#9 What was the first plane to travel around the world?
1986 marked a big milestone in aviation history. A homebuilt light-weight aircraft with 17 fuel tanks in total made it around the world without stopping or being refueled once on the way. The Rutan Model 76 Voyager took off in California on 14 December and landed nine days later, just a day before Christmas Eve. The two pilots, the designer, and the crew chief were subsequently awarded the Collier Trophy, the most prestigious prize in aviation.
#10 How long does the oxygen in an emergency mask last?
The oxygen masks provided from above your seat in case of an emergency are designed to give out only 15 minutes of oxygen, enough to allow the pilot to lower the altitude of the plane to a level where the outside air pressure is breathable (around 10,000 feet or 3,000 meters).
#11 What is the dirtiest place on an airplane?
Are you a germophobe? The dirtiest place on a plane was found during recent studies to be the tray table on the back of the seat in front of you. In fact, there were eight times as many bacteria found here when compared to the toilet flush button! Make sure to take some sanitary wipes with you on your next journey.
#12 Were there always bathrooms on planes?
The airplane bathroom has come a long way since the 1930s and 1940s when aviation as we know it was just at its beginnings. At first, there was no separate cabin or a designated area to do the deed, and passengers and the crew would use a paper box, which could spill during turbulence. Pilots would apparently also pee in their shoes or through a hole in the floor of the cockpit.
In the 1930s, the Royal Air Force used a flying boat nicknamed the “whistling sh*thouse”. The Supermarine Stranraer was fitted with a toilet that would open directly to the air. When the seat was up the airflow through the toilet would make a whistling sound, hence the nickname.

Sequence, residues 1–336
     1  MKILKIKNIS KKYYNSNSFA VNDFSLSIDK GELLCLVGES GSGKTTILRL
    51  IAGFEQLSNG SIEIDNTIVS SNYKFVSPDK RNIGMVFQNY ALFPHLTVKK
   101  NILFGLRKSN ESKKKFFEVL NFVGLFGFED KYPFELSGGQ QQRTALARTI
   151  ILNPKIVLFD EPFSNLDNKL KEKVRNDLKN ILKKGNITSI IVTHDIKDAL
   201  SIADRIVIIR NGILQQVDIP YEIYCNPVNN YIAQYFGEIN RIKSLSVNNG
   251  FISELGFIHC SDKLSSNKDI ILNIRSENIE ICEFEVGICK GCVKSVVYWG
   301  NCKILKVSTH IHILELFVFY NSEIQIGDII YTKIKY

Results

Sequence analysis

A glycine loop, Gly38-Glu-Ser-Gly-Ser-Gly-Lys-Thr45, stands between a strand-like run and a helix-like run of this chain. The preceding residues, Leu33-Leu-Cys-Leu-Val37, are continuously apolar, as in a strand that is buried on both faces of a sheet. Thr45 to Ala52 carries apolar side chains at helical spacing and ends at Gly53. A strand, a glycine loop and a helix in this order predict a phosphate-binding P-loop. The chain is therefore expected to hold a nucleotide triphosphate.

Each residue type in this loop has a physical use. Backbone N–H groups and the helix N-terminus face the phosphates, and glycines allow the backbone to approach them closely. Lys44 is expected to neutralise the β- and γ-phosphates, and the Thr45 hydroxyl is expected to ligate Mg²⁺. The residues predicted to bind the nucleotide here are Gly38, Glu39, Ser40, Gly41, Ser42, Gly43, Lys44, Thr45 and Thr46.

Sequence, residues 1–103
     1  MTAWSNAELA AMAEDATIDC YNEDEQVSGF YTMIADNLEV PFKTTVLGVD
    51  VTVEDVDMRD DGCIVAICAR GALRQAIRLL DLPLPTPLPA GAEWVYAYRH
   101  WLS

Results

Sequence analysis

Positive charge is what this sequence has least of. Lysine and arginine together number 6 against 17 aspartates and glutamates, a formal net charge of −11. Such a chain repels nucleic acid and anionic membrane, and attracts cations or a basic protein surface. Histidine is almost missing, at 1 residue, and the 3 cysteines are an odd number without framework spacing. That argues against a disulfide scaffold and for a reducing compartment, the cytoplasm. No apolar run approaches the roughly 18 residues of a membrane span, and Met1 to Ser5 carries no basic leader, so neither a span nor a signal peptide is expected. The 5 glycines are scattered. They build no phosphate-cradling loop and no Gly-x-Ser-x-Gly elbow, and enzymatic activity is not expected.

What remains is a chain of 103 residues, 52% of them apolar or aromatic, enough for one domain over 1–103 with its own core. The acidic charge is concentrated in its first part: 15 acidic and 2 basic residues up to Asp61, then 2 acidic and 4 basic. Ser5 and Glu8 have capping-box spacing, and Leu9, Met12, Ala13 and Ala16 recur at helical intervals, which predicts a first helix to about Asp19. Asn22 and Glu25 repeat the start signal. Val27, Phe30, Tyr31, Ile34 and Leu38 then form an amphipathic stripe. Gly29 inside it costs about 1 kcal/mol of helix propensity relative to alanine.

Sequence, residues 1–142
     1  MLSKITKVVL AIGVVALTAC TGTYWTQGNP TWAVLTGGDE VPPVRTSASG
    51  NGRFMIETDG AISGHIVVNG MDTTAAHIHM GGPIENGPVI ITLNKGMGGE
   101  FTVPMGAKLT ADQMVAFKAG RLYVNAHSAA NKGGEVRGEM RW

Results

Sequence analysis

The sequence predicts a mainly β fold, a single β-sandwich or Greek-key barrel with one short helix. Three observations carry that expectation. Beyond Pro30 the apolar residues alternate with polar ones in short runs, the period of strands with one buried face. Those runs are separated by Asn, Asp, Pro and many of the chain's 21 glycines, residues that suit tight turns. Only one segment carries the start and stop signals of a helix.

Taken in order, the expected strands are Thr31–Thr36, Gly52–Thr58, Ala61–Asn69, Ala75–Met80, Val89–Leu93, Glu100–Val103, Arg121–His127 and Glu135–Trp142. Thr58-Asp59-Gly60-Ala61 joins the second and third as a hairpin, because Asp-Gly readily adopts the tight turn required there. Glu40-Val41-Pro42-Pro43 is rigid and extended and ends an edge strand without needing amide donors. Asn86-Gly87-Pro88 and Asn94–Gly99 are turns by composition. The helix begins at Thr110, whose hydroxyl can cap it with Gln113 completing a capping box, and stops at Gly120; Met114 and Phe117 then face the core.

#13 How long was a flight from London to Singapore in the 1930s?
Today’s flight from London to Singapore takes roughly 12 hours, which might seem like a lifetime to some people. Back in 1934, the same route would have taken eight days and included 22 stopovers to refuel the plane, such as Athens, Baghdad, Calcutta, and Bangkok, among others.
#14 Chicken, beef… or caviar?
Lufthansa purchases more caviar than any company on earth. Their business and first-class passengers munch through 10 tonnes of it every year.
#15 When was the first transatlantic flight?
The first flight crossing the Atlantic ocean took place in 1919 by the US Navy. The entire journey took 24 days and had five legs to it — it started in the state of New York and continued through Nova Scotia, the Azores, Lisbon, and Plymouth, UK.
Not even a decade later, in 1927, Charles Lindbergh became the first person to fly across the Atlantic on a solo, nonstop trip. His plane, the Spirit of St. Louis, took off in New York on 10 May and landed in Paris less than 34 hours later. Lindbergh was 25 years old when he crossed the Atlantic.
Did you enjoy reading this article and want more? How about 11 facts about ships and boats that might surprise you or browse for others on Kiwi.com Stories.